Demand Better. There’s lots of room for improvement. In a study of 100 post-partum teens, half were given an implant and half the pill. At the end of a year, 20 were pregnant again in the Pill group but only 1 in the implant group.

American women are ready for change. IUD use in the United States is dramatically low compared to other developed countries. Currently 26% of Norwegian female contraceptive users have an IUD, but only 10% of Americans do. And yet, the U.S is showing a rapid shift in recent years. From a low of 1.3% of U.S. women using any kind of IUD in 1993, prevalence jumped to 2% by 2002 and then to 5.5% between 2006 and 2008 to 10% today. With FDA approval of Implanon in 2006, approval of the Mirena for menstrual symptoms in 2009, the Skyla IUD in 2013, Liletta in 2014, and a long acting Ring in the pipeline, we are on the cusp of a contraceptive revolution that has the potential to revolutionize our lives.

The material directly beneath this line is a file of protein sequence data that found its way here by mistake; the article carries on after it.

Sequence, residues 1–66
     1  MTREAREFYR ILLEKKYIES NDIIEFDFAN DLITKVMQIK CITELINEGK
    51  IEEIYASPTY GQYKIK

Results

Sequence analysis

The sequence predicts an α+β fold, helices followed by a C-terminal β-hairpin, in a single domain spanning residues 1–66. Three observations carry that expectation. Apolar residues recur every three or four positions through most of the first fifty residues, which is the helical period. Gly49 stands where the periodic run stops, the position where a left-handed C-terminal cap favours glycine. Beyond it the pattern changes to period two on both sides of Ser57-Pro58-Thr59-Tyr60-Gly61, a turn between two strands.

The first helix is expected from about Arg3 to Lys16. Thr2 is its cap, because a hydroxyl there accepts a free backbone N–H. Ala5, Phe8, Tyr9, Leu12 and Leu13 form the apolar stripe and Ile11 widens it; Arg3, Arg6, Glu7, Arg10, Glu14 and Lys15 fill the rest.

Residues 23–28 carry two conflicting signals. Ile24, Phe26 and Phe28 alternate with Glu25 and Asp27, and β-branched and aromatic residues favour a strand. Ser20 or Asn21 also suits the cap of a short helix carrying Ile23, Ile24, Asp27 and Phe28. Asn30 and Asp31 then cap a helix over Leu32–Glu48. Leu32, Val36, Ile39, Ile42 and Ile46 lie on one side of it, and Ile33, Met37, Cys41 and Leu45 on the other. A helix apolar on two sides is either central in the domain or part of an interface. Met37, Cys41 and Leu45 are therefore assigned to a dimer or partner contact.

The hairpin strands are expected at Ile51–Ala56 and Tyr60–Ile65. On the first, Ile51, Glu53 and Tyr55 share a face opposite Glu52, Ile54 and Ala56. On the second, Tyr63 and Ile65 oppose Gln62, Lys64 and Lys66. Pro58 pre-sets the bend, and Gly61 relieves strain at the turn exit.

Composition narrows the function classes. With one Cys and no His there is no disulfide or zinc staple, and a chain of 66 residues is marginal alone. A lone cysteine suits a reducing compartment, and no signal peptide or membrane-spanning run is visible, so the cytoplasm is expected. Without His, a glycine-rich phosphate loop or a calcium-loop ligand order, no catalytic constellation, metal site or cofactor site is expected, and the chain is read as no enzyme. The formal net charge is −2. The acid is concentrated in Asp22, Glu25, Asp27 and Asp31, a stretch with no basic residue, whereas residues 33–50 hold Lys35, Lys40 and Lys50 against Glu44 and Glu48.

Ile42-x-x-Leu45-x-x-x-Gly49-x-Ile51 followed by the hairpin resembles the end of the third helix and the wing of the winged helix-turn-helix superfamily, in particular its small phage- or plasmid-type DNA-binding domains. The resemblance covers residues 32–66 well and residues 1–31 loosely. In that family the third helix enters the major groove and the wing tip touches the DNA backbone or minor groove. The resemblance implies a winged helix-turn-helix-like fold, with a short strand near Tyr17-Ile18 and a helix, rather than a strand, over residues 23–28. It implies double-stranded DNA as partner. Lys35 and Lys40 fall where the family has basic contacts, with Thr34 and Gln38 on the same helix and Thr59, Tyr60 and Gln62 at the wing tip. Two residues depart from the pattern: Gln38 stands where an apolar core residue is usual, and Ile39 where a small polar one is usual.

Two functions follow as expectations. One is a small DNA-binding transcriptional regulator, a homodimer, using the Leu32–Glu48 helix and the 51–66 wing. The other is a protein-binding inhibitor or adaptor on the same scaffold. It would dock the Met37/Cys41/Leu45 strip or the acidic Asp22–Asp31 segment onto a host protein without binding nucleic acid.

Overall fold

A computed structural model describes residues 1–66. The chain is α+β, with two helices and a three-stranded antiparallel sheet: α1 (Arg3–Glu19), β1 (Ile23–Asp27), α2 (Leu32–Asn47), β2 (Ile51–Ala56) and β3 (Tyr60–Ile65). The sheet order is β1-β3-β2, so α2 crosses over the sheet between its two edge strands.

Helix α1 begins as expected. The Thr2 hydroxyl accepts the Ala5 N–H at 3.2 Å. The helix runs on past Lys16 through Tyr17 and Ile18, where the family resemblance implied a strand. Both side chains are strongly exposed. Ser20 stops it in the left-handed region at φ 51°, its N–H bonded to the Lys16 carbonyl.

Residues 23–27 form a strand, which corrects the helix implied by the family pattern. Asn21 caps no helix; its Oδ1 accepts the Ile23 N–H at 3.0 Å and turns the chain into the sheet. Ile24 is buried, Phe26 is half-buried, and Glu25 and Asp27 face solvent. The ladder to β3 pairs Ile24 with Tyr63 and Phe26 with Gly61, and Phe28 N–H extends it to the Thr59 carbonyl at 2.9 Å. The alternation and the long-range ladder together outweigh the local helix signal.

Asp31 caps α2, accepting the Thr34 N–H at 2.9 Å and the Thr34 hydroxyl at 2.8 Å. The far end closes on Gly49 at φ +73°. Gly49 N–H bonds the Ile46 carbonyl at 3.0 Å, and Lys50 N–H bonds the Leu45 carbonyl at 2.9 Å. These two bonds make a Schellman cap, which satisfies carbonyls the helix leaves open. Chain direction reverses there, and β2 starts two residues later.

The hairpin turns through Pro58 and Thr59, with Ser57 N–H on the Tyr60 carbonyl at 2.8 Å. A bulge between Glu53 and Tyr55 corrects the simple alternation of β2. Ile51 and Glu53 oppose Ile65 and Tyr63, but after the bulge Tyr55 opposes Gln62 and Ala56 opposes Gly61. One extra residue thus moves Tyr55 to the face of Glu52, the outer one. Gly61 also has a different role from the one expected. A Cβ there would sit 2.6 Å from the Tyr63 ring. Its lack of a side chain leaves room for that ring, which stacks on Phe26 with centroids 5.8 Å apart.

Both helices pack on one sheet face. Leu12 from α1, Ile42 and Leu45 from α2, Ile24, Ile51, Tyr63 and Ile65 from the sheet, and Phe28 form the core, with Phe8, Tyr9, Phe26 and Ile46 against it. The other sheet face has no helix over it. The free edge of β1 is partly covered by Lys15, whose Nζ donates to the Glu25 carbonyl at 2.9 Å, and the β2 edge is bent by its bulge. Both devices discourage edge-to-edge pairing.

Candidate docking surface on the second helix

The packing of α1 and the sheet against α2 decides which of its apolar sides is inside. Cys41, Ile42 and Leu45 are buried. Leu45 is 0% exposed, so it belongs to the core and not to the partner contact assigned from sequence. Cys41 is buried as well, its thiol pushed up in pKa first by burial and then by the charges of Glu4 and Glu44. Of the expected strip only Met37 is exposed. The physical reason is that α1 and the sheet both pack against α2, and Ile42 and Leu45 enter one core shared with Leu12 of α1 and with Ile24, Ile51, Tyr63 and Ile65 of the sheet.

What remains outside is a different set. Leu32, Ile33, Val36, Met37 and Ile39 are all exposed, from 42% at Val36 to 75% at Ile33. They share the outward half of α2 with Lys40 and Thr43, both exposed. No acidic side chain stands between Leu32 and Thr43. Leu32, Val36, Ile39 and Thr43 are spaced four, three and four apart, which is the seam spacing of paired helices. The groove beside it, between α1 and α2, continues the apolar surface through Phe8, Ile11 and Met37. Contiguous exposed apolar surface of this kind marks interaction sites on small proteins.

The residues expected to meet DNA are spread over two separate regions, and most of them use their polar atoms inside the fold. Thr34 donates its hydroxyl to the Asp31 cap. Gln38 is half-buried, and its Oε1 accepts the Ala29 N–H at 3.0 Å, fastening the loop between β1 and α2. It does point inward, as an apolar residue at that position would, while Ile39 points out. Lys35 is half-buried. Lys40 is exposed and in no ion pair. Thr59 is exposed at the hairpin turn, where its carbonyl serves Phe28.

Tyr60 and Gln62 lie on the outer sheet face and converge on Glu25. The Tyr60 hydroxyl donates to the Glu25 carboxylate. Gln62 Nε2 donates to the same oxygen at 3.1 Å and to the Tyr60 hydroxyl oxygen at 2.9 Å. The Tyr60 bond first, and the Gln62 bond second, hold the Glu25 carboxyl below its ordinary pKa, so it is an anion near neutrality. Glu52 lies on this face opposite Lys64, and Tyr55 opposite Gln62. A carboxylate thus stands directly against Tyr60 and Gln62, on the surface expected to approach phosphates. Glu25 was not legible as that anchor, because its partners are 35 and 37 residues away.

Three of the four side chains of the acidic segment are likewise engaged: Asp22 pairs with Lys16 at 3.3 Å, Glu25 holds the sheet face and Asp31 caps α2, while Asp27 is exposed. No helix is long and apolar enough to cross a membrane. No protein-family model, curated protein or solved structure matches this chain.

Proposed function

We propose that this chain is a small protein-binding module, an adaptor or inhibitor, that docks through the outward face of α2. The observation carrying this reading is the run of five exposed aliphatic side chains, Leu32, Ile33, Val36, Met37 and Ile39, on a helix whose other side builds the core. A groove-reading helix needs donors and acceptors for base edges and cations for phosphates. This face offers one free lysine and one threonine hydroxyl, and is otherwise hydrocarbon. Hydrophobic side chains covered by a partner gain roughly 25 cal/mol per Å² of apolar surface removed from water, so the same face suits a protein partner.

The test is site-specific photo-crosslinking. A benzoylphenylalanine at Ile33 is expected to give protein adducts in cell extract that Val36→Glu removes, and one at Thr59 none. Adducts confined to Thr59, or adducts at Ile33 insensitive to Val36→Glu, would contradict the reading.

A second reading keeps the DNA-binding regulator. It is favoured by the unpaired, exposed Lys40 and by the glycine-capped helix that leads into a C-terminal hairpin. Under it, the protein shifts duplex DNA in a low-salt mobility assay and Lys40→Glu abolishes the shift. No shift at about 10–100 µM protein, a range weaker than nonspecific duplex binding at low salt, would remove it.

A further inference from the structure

Read more on contraception by this author:

New Contraceptives for Cascadia–The Lesson of St. Louis
Dramatic Drop In Teen Pregnancy Really a Technology Tipping Point
Pamper, Pamper, Pamper – Plus 9  Other Tips for Falling in Love With Your IUD
A Brief History of Your Period and Why You Don’t Have to Have It
Hey Ladies!  Thinking About Ditching Your Period?  A Doctor Answers 12 Puzzling and Hopeful Questions
The Big Lie About Plan B – What You Really Should Be Telling Your Friends

About Valerie Tarico

Seattle psychologist and writer. Author - Trusting Doubt; Deas and Other Imaginings.
This entry was posted in Reproductive Health and tagged , , , , , , , , , , , , . Bookmark the permalink.